PARIS : When the Rugby World Cup reaches the business end New Zealand are always in the mix and on Saturday Ian Foster’s team once again showed why they can never be written off.
The All Blacks started their campaign with a 27-13 loss to hosts France and in Saturday’s quarter-final at the Stade de France they faced a daunting task against Ireland, the top-ranked team who had won their 17 previous tests.
Some were quick to forget that New Zealand, even if they had lost their two previous matches against the Irish, remain the game’s ultimate challenge.
Despite a shaky opening couple of minutes, the three-time champions were brutally efficient on the back of a barbed-wired defence to prevail 28-24 at the end of a nerve-racking contest.
While Ireland made some poor choices – opting not to kick an early penalty, insisting on not going wide – the All Blacks converted almost every time they had a sniff of the line with tries by Leicester Fainga’anuku, Ardie Savea and Will Jordan.
They kicked their early penalties, too, to take the score and Ireland were never ahead.
Andy Farrell’s side put their opponents on the back foot but New Zealand made 230 tackles and battled hard when they were down to 14 after Aaron Smith’s and Codie Taylor’s yellow cards.
It was quite fitting that the All Blacks wrapped up the victory having withstood a 40-phase Irish possession spell after the clock had turned red.
“Our ability to defend our line for 30-plus phases at the end, that’s huge,” captain Sam Cane said.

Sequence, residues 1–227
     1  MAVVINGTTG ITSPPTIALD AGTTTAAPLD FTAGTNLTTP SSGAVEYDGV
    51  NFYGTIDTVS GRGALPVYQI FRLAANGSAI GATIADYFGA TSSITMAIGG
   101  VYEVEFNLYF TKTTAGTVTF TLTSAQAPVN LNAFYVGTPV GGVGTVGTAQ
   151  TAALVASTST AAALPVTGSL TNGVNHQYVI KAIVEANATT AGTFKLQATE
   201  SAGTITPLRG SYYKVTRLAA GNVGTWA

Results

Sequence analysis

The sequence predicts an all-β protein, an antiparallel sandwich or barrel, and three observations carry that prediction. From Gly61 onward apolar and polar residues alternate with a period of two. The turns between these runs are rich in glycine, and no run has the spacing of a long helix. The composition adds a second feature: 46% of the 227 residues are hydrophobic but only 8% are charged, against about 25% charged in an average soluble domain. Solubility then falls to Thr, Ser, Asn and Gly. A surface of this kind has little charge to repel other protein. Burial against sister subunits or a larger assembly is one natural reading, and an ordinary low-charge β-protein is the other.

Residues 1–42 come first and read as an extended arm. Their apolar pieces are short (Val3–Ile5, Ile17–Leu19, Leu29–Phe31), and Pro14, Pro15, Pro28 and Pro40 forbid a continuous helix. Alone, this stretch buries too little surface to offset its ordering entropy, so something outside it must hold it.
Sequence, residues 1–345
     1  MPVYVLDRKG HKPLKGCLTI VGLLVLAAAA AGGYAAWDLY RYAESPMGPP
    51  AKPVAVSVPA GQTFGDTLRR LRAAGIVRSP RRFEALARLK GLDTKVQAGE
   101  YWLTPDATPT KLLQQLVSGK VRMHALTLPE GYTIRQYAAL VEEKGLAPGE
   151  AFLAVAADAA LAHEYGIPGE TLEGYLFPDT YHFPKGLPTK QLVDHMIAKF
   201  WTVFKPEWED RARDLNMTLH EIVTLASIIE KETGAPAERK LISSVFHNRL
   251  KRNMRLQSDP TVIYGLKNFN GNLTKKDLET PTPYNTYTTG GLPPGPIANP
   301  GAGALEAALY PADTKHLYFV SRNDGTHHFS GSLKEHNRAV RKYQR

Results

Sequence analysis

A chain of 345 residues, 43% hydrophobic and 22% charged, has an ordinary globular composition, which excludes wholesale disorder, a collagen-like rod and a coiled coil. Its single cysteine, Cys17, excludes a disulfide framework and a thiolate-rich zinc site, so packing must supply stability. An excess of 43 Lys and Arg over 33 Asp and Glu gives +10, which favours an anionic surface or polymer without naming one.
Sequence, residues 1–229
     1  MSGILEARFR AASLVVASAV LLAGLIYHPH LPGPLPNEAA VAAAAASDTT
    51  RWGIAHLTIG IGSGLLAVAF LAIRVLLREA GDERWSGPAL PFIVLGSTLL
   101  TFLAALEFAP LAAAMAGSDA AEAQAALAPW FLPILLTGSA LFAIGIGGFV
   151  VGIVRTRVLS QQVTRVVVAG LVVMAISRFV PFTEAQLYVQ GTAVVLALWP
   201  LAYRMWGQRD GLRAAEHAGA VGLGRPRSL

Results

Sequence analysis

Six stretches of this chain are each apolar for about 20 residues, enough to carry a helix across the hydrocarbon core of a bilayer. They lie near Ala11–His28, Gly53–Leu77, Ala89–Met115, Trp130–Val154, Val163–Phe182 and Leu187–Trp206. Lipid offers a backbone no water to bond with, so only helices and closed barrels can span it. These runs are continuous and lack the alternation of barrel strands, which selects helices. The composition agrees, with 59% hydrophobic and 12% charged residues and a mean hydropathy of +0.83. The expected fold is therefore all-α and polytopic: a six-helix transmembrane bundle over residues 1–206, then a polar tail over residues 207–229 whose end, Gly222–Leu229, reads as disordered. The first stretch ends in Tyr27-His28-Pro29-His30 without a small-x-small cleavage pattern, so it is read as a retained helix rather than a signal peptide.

“The defence was outstanding tonight. We were able to hold them out for long periods and I think ultimately that’s what won it for us.”
Coach Foster also gave credit to his team’s heroic defence, and everybody knows that defence wins championships.
“Our defence, particularly in that last part, was brilliant,” he said.
“We were disciplined, we held our cool. I thought defensively we made some shifts and found a way of stopping their line breaks coming to us.
“It just became a game of patience in the end and we did it well.”
The result left Ireland outside the door to the semi-finals once again, with the players walking around the pitch to salute their more than 60,000 fans looking groggy and dejected.
Captain Johnny Sexton admitted that New Zealand’s efficiency was brutal.
“They sucker-punched us on a few tries and that’s what champion teams do,” he said.
“New Zealand are the best team at taking the game away from you,” added Farrell.